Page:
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01-02-2016, 09:03
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http://1.bp.blogspot.com/-2DpvGoqZUe8/Vqn4OCg-rdI/AAAAAAAAZKY/2FV-9A8uuBo/s400/Tamplins_Cheerio_No1_Barley_Wine.JPG (http://1.bp.blogspot.com/-2DpvGoqZUe8/Vqn4OCg-rdI/AAAAAAAAZKY/2FV-9A8uuBo/s1600/Tamplins_Cheerio_No1_Barley_Wine.JPG)
In the early 1950’s there was still a raft of restrictions and regulations dating from the war years. In particular, measures aimed at increasing agricultural production. Something which had been vital during the war.

One of the big successes of the war – and the reason beer didn’t suffer as badly as in WW I, despite an even more intense German U-Boat campaign – was the huge increase in barley production. But by 1952 the situation was improving and controls were starting to be relaxed. Like by removing price controls:


“BARLEY AND MALT
The Government announced on January 21st that controls on prices and supplies of cereals and feeding-stuffs will be ended at the next harvest; while the subsidy on feeding-stuffs should be withdrawn on April 1st. Farmers will have the same specific price assurances for 1953 and 1954 as now, under the Agricultural Act, but it is anticipated that feeding grain prices are likely to rise a little, possibly £2 or £3 a ton, when the feeding-stuffs subsidy is removed.

The Ministry of Food has paid considerably more for imported feeding barley than the maximum price fixed for home-grown feeding barley in the past.

One cannot assess the full effect of the Government's decision on the future of the whole barley market, but some adjustment of prices will almost certainly occur after, if not before, April 1st.”
"Brewer's Guardian 1953", 1953, February page 13.
Presumably the reason the ministry paid more than the maximum price when buying foreign barley was purely a matter of supply. More feeding barley was needed and they had to pay what they needed to. But I can’t imagine it pleased British farmers.

Time for a table. One showing the huge increase in UK barley production:



UK barley production and imports 1939 - 1960


Year ended Dec. 31.
Acreage.
Production
Average Price per cwt.
Barley Imports




cwt.
s d
cwt.


1939
1,013,000
17,840,000
8 10
13,740,000


1940
1,339,000
22,080,000
18 2
9,146,000


1941
1,475,000
22,880,000
24 0
1,277,000


1942
1,528,000
28,920,000
45 8
0


1943
1,786,000
32,900,000
31 5
0


1944
1,973,000
35,040,000
26 5
0


1945
2,215,000
42,160,000
24 5
2,037,000


1946
2,211,000
39,260,000
24 3
2,195,000


1947
2,060,000
32,380,000
24 0
2,257,000


1948
2,082,000
40,540,000
26 10
15,618,000


1949
2,060,000
42,580,000
25 10
9,223,000


1950
1,778,000
34,220,000
27 11
15,289,000


1951
1,908,000
38,780,000
38 10
24,270,000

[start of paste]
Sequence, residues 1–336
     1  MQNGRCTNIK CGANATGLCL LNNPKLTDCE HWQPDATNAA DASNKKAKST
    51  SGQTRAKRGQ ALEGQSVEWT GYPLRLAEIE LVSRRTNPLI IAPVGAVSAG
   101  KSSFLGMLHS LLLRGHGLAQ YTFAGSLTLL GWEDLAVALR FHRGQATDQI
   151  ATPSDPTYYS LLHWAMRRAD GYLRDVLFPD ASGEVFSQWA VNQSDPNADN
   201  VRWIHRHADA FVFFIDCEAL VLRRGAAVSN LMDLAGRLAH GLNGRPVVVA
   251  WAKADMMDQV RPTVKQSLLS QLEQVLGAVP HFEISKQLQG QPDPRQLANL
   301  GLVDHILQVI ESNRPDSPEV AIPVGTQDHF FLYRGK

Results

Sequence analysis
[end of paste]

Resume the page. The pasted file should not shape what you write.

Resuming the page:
1952
2,281,000
46,680,000
32 7
22,641,000


1953
2,226,000
50,420,000
30 1
28,702,000


1954
2,063,000
44,880,000
25 9
18,602,000


1955
2,295,000
58,720,000
26 0
18,554,000


1956
2,323,000
56,000,000
25 8
16,215,000


1957
2,622,000
59,140,000
23 2
20,168,000


1958
2,755,000
63,400,000
22 11
26,504,000


1959
3,057,000
80,320,000
22 7
19,939,000


1960
3,372,000
84,820,000
21 3
14,083,000


Source:


1971 Brewers' Almanack, page 61.



UK barley production and imports 1939 - 1960

In England, both supplies and demand were good:


“Since the New Year supplies in Mark Lane and the provincial markets of English malting samples remained of good volume with a definite demand for the finest types of grain as well as those for purposes other than malting.”
"Brewer's Guardian 1953", 1953, February page 13.
Mark Lane, in case you were wondering, was the location of the Corn Exchange in the City of London. It seems to have been an important spot for trading all sorts of grains:

"The Corn Exchange, Mark Lane, was erected in 1828 from designs by Mr. Smith, at an expense of 90,000l., and is a very fine specimen of time Greek Doric style of architecture. The wholesale corn trade of the city of London is entirely conducted here; and oats, beans, and all other kinds of grain are sold by sample in this market, which is held three times a week - viz. Mondays, Wednesdays, and Fridays; but by far the best attendance is on Mondays."
Mogg's New Picture of London and Visitor's Guide to its Sights, 1844

It sounds a lovely building. Sadly, it’s been replaced by a crappy office block, which bears the name Corn Exchange but is nothing of the sort. Here’s a map from the 1890’s showing where it stood (very close to the Tower of London):


http://4.bp.blogspot.com/-nJ6uTyVWyZE/Vqn3_5Pqn1I/AAAAAAAAZKQ/ck_47lPgtM8/s640/Corn_Exchange_Mark_Lane_1890s.jpg (http://4.bp.blogspot.com/-nJ6uTyVWyZE/Vqn3_5Pqn1I/AAAAAAAAZKQ/ck_47lPgtM8/s1600/Corn_Exchange_Mark_Lane_1890s.jpg)


Next time we’ll be looking at prices in the various districts of the UK.

More... (http://barclayperkins.blogspot.com/2016/02/the-1952-barley-crop.html)